Receptive field organization of complex cells in the cat's striate cortex.

J. A. Movshon, I. D. Thompson, D. J. Tolhurst

Research output: Contribution to journalArticlepeer-review

Abstract

1. All complex cells in the cat's striate cortex exhibit gross non‐linearities of spatial summation when tested with sinusoidal grating stimuli. Their responses to moving gratings of all but the lowest spatial frequencies are usually dominated by a component that is not modulated by the passage of the bars of the grating across the receptive field. They give responses to temporally modulated stationary gratings that consist mostly of even harmonics of the stimulus frequency and that vary little in amplitude or wave form as the spatial phase of the grating is varied. 2. We compared complex cells' receptive fields with their sensitivity to sinusoidal gratings of different spatial frequencies. Qualitatively, the receptive fields are usually two to five times wider than the bars of the gratings that stimulate them most effectively. Quantitatively, the receptive field profiles of complex cells are invariably broader than those predicted by Fourier synthesis of their spatial frequency tuning curves, and in particular lack predicted spatially antagonistic regions. 3. We further examined the receptive field organization of these cells, using pairs of stationary lines flashed synchronously on their receptive fields. If both lines are of the same polarity (bright or dark), complex cells respond to the paired stimulus much less well than they do to either of its component bars, unless the bars are separated by less than about one quarter of the width of the receptive field. If the lines are of opposite polarity, one bright and one dark, the opposite situation obtains: closely spaced bars elicit small responses, while paired bars of larger separation are much more effective. In either case, the results are independent in general character of the absolute positions of the stimuli within the receptive field; rather, they depend in a manner characteristic of each cell on the relative positions of the two bars. 4. The two‐line interaction profile that plots the change in a complex cell's response to one bar as a function of the position of a second added bar corresponds closely to the receptive field profile predicted from Fourier synthesis of the cell's spatial frequency tuning curve. These profiles may thus reveal the spatial characteristics of subunits within complex cell‐receptive fields. We examined the nature of the interaction between these subunits by performing several two‐line interaction experiments in which the onset of the second bar was delayed some time after the onset of the first. The results suggest that neighbouring subunits interact in a facilitatory fashion: for an interval after the presentation of one bar, responses to neighbouring bars are enhanced. 5. The subunits of a complex receptive field may, by their spatial properties, determine the spatial selectivities of complex cells, while the nature of the interaction among the subunits may determine these cells' sensitivity and selectivity for moving visual stimuli...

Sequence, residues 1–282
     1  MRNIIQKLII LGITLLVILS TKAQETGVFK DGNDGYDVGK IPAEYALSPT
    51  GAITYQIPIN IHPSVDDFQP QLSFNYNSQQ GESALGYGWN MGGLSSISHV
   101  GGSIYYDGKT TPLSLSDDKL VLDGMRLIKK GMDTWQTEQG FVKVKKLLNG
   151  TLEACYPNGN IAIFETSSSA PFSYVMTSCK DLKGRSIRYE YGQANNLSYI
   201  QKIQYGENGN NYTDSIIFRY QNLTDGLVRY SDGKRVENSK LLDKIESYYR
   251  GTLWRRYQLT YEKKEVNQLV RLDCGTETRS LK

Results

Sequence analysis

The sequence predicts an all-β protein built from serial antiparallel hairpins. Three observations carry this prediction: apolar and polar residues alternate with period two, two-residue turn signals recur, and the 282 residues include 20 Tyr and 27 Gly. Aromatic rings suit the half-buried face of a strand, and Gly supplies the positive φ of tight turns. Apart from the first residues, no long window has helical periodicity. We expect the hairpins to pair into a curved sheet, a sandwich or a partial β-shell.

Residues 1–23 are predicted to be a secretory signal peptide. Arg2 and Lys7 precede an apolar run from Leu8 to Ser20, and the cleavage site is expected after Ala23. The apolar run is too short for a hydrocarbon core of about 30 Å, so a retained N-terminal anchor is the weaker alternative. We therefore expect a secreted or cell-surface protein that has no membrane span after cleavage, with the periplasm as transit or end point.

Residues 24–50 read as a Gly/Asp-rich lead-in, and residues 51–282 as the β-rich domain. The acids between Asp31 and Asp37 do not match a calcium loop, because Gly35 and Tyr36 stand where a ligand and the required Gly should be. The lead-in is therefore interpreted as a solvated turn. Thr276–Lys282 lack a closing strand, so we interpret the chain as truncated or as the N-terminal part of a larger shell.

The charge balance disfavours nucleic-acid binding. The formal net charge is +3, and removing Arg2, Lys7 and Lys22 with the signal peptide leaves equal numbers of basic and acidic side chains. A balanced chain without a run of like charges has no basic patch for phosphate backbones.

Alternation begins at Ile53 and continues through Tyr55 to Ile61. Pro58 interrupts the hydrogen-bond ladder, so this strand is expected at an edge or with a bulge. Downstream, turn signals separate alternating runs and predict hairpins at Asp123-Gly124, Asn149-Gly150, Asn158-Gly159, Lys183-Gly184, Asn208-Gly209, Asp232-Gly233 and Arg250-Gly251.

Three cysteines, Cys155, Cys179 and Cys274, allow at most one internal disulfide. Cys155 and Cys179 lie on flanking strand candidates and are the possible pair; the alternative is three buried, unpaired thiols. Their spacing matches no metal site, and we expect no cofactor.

Original languageEnglish (US)
Pages (from-to)79-99
Number of pages21
JournalThe Journal of Physiology
Volume283
Issue number1
DOIs
StatePublished - Oct 1 1978

ASJC Scopus subject areas

  • Physiology

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